Also, just as an interesting note, if Moses actions were to serve as typologies, or symbols, or a testimony, of the coming Christ, Moses sin of disobeying God, and angrily striking the rock twice, instead of speaking to it, could have broken an important typology representing Christ.
I will not go into too much detail on that right now, but that’s a rabbit trail you can explore on your own if you want.
Now in verse 6, Moses and Jesus are compared.
While Moses was a servant in the house, Jesus as the Messiah is over the house, whose house these believers now are.
The house could be either the Church, because in Ephesians 2:19, the Church is viewed as a household.
It could also refer to the house of Israel (Galatians 6:16).
Moses was a servant in the house. But the Messiah is a son. And as Son, Jesus is the owner and heir of the house.
Lastly, the closing statement shows the mark of a true believer:
…[if] we hold fast the confidence and the rejoicing of the hope firm unto the end…
This does not mean that believers are saved only if they just hold on to the end.
That would mean salvation is attained by works, not by faith.
The point here is that continuance in faith is the evidence that a person is a true believer.
A lack of continuance in faith does not mean the person is not saved; it only means that the person does not have the evidence that faith exists.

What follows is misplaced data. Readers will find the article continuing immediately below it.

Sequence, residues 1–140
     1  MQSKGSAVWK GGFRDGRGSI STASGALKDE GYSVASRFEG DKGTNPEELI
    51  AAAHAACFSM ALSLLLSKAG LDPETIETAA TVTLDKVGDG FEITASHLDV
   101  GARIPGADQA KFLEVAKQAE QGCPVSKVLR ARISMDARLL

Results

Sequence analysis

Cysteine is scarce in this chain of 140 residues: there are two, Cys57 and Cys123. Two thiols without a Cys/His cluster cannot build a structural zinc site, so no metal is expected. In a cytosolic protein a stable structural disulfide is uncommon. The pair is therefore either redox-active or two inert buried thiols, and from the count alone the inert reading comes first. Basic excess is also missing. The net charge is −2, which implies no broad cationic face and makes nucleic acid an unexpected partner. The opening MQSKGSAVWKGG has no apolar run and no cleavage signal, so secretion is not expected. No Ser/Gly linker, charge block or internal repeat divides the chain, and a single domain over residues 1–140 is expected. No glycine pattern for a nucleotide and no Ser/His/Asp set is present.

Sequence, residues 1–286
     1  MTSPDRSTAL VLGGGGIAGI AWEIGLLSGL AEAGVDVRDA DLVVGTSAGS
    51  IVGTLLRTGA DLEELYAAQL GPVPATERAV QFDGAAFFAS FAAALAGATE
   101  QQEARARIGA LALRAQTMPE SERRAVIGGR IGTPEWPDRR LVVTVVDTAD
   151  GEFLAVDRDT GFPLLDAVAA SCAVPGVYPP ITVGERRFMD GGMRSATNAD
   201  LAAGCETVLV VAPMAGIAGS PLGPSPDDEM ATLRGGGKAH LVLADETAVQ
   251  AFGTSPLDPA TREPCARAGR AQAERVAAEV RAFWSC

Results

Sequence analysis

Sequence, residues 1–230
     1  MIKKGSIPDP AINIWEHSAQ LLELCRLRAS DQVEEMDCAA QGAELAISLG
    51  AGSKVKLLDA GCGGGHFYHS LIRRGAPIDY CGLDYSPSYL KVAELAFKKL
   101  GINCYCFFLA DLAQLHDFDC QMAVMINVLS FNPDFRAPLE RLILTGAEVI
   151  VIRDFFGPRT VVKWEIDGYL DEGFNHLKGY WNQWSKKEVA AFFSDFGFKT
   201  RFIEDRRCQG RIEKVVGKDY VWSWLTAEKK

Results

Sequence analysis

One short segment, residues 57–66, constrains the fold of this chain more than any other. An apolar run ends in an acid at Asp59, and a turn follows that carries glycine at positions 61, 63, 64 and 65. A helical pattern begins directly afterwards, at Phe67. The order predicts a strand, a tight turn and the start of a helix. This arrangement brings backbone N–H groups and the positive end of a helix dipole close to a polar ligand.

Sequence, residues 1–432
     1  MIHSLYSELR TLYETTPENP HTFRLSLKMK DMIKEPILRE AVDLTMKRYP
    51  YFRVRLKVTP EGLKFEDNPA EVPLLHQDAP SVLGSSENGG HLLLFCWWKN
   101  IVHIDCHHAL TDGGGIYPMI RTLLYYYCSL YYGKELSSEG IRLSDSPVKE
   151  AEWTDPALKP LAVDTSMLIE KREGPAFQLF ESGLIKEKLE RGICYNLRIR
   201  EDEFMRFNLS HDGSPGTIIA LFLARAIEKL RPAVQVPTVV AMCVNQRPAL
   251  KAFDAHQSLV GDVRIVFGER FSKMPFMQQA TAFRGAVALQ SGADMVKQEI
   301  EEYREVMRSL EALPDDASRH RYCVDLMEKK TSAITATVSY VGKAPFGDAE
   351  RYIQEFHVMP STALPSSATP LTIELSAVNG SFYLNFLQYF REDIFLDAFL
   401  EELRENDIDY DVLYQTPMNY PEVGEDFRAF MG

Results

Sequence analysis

Continuing unto the end would be the final evidence of a person’s faith.
Now we have three parallels that serve as a background to the Jesus and Moses comparison.
- Moses delivered the Israelites from the bondage of slavery and from Egypt.
- Jesus delivered all believers from the bondage of sin and damnation (2:14-15).
- Through Moses, God established the Israelites as the people of God.
- Jesus makes all believers as the sons of God. (2:10).
- Moses brought the Israelites the Old Covenant.
- Jesus brings all believers into the New Covenant, giving now greater access to God than ever before. (4:14-16).
So Jesus both replaced, and exceeded, all that Moses did.
So Hebrews 3:1-6, points to Jesus’ supreme honor, faithfulness, and access to God the Father, with Jesus being High Priest, and also Apostle and Son.
Then starting at verse 7, we get to the application teaching of this point Paul just made.
The Danger of Disobedience.
Hebrews 3:7-19 KJV – 7 Wherefore (as the Holy Spirit says, To day if you will hear his voice,
8 Harden not your hearts, as in the provocation, in the day of temptation in the wilderness: